Affinity bias is an unconscious bias commonly referred to as the “similar to me effect.” When affinity bias occurs, an interviewer feels a natural sympathy or liking for a candidate because they share things in common with them. Affinity bias can lead to applicants having an unearned advantage in the hiring process. Once hired, affinity bias can lead to favoritism in the workplace.
If a company hires based on “cultural fit,” it may succumb to affinity bias. If hiring teams feel a connection with an applicant, it’s usually because they share life or work experiences, beliefs, interests, or backgrounds. Ultimately, similarities can affect the hiring process, but if differences disqualify a candidate, affinity bias may occur.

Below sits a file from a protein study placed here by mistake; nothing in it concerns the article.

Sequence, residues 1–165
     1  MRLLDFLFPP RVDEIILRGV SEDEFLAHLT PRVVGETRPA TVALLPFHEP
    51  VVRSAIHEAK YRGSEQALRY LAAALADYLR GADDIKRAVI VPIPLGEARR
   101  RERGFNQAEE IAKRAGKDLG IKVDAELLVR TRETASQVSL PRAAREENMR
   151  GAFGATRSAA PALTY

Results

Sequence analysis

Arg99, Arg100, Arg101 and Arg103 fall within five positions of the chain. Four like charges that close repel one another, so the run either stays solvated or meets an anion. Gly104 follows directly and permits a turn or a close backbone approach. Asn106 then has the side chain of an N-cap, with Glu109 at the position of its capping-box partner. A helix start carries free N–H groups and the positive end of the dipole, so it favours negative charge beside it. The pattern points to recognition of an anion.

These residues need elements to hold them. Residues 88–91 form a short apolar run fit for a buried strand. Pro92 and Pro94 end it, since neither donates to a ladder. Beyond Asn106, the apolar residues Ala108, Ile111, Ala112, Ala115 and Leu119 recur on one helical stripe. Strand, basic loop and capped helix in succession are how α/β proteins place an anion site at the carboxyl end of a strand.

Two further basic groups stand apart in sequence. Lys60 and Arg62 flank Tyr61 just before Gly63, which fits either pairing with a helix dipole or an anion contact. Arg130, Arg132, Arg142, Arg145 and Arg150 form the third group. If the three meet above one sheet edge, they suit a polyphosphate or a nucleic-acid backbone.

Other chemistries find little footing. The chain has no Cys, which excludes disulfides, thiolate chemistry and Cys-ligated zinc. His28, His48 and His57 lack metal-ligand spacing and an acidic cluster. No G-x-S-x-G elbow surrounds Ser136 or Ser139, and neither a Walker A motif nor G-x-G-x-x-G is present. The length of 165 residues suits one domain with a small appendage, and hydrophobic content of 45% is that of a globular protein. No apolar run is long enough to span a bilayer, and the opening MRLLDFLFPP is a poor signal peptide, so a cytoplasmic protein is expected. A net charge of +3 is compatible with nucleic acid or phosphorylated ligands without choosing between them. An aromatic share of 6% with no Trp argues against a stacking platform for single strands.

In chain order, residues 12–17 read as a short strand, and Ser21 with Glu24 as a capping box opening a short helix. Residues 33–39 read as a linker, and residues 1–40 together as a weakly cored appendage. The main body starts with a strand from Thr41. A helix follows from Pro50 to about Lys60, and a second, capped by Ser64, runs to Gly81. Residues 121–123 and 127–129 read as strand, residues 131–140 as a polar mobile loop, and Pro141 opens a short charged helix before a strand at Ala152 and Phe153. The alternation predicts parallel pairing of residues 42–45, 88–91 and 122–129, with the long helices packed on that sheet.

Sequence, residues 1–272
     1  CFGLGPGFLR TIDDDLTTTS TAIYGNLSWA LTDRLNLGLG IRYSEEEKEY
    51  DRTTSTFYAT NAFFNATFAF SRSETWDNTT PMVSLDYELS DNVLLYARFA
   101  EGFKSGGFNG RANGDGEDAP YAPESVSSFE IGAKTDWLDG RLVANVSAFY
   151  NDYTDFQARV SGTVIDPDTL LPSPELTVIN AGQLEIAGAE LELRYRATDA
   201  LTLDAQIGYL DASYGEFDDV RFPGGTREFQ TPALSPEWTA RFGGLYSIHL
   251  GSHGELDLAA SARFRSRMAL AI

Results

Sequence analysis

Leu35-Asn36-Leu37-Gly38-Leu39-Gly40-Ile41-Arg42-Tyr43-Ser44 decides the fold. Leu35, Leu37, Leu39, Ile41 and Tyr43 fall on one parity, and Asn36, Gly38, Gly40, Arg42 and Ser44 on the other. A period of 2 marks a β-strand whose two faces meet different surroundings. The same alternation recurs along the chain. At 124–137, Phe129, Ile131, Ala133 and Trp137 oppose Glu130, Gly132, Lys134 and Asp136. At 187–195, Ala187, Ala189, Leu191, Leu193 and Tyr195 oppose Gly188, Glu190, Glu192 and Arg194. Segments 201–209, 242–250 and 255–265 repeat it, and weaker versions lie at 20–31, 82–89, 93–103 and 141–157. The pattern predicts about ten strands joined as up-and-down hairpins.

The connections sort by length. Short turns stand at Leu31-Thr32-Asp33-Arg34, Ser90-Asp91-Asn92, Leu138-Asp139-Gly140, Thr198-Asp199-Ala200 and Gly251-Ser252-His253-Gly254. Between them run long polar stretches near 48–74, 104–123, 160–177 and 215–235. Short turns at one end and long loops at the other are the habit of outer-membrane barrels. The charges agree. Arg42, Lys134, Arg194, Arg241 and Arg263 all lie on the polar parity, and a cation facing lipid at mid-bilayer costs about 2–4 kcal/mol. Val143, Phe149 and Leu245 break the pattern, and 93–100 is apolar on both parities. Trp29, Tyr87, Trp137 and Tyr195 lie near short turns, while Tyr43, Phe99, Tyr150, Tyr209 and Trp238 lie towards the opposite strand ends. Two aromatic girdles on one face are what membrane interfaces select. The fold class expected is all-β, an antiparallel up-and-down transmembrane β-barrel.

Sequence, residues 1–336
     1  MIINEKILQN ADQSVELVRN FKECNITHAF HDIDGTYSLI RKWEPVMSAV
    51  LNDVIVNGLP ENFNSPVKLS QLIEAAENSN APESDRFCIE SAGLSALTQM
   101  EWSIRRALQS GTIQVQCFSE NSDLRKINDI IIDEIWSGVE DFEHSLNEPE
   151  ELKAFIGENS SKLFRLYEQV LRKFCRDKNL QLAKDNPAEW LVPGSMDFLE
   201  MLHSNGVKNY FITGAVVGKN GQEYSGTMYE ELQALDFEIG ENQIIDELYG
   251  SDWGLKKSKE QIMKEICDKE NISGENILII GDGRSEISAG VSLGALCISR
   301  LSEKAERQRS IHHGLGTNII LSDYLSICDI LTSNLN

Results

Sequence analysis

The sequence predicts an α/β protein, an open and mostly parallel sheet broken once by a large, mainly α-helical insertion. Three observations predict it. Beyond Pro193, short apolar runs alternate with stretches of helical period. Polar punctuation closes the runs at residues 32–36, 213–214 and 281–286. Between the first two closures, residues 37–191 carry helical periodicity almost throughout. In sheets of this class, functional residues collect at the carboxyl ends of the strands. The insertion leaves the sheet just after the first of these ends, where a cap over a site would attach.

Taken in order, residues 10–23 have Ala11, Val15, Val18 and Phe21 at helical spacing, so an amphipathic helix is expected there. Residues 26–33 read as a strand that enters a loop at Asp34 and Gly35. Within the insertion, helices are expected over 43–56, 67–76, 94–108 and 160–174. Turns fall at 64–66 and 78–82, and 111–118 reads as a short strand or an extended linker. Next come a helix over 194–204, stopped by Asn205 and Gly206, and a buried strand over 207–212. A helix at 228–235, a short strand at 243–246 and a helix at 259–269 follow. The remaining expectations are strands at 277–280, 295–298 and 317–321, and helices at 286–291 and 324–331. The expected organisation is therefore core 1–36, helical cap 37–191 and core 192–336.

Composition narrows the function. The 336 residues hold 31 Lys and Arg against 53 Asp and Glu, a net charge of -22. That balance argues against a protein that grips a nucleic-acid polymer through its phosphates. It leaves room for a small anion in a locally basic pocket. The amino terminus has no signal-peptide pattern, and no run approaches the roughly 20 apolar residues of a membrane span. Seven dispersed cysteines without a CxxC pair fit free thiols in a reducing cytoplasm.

In addition to the hiring process, affinity bias also frequently occurs in workplace interactions and promotion decisions.
During the interviewing and hiring process, a hiring manager may assume a candidate is the best choice for a position because they went to the same university. In another scenario, the interviewer and the candidate may share the same religious beliefs. Affinity bias can also occur unconsciously based on a person’s gender, race, or appearance. To avoid infinity bias, it is essential to have in place a skills-based and structured interview process.
refers to the inclination of people to be biased toward people who share things in common with them.